The tell-tale heart if given from the view point of a nameless, genderless and generally mysterious person/The Narrator. There is very little information given about the person through this story. The only things we a told about the narrator is that at one point they were “Ill, Very Ill” and that he believes that he has “full control” of his mind and that the is not mad. The narrator never shears the illness that he had, however they do tell us that it resulted in more powerful senses, particularly hearing. We are una wear if this is due to physical enhancements or due to mental enhancements. Due to his denial and his seemingly increased sense we are able to infure that there is likely still something wrong with him weather it my be physical or mental, This is spurred on by the mystery shrouding them.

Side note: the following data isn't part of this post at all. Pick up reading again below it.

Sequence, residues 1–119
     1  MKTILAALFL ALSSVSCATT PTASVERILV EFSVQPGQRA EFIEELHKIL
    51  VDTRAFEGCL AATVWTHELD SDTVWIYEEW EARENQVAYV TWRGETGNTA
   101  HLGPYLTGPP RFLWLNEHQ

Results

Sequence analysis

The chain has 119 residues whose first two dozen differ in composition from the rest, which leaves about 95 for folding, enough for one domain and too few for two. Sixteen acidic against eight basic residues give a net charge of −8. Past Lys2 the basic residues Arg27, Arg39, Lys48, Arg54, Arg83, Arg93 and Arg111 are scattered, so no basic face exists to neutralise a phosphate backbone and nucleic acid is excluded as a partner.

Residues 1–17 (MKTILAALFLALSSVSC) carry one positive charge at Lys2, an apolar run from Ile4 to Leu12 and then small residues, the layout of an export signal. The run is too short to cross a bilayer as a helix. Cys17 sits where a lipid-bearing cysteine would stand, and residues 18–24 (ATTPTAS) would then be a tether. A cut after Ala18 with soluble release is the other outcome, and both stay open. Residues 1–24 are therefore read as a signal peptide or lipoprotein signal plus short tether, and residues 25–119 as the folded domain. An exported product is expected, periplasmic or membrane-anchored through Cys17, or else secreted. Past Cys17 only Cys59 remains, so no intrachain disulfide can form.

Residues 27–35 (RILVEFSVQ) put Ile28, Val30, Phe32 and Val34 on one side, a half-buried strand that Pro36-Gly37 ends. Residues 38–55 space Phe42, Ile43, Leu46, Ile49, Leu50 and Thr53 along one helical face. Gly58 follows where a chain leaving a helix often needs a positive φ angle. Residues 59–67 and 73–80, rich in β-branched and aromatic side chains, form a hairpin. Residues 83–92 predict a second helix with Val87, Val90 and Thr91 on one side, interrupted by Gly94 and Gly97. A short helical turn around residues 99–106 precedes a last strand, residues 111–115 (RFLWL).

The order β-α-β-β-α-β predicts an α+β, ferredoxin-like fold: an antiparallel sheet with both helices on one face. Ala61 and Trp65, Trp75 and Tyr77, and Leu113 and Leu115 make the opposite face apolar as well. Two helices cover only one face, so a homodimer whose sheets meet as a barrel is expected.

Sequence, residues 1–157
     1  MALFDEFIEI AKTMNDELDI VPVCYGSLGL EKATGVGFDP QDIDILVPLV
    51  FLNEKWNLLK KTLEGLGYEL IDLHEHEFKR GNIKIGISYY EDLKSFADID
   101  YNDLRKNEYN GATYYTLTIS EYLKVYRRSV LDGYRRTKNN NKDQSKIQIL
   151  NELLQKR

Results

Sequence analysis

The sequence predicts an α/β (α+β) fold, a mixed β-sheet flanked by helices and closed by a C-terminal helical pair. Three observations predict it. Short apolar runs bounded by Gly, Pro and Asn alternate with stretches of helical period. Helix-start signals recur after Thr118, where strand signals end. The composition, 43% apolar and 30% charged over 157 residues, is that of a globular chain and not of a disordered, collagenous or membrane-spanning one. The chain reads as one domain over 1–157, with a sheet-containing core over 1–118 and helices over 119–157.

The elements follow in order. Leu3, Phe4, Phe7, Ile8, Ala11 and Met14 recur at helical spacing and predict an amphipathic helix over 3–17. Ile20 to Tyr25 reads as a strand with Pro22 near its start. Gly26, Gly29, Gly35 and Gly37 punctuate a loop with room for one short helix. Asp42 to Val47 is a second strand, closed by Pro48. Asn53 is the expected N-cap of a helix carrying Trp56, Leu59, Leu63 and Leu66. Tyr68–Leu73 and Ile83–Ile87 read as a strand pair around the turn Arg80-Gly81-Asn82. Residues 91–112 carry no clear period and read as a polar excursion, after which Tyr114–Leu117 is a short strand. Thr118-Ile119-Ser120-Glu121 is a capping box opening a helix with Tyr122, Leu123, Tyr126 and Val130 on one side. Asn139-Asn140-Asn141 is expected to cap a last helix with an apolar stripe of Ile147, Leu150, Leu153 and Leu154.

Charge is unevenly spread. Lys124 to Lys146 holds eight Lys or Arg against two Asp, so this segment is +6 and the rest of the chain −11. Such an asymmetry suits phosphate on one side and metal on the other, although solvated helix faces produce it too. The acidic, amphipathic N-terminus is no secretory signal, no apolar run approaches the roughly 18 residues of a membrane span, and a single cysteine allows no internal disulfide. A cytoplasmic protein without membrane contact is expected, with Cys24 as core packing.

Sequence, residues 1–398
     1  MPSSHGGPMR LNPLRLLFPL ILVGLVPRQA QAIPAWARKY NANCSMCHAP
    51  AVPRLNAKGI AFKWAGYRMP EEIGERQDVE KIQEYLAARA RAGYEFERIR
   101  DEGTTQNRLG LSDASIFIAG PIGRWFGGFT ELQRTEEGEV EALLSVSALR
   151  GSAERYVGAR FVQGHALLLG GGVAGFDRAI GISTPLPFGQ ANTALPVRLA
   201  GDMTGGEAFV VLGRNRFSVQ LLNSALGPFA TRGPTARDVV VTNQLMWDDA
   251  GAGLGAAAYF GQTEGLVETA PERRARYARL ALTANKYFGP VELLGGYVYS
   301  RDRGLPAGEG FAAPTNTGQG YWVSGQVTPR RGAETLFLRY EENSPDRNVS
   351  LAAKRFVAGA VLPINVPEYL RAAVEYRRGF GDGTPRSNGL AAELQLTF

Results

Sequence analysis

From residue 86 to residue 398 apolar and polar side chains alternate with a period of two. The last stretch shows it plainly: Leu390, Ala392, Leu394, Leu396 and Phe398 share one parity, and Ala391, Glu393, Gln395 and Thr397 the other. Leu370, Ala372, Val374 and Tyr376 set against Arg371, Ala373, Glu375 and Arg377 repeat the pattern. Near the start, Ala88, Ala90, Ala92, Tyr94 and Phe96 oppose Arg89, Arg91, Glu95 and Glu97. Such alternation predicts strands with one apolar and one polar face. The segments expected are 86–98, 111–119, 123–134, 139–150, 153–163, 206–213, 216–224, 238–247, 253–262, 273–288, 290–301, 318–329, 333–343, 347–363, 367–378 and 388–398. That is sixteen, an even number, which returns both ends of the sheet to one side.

As the story progresses The narrator begins to shear his feelings about the old man and his obsession with the old mans eye, He states that “His eye was like the eye of a vultures” waiting to rip you to pieces. When the old man looked at him he could feel “a cold feeling going up and down his back” and he begins to refer to the eye as an evil eye. (The evil eye is a curse believed to be cast by a malevolent glare, usually given to a person when they are unaware. Many cultures believe that receiving the evil eye will cause misfortune or injury. It was a widely extended belief among many Mediterranean and Asian tribes and cultures. Charms and decorations with eye-like symbols known as nazars were are used to repel the evil eye.) The obsession with the old mans eye is the reason that the narrator ultimately killed the old man, He felt that “It was not the old man he had to kill; It was the eye, his Evil Eye” This Obsession with the eye and feeling that he had to kill it links back to madness helping to solidify the idea that the man is defiantly no longer sane.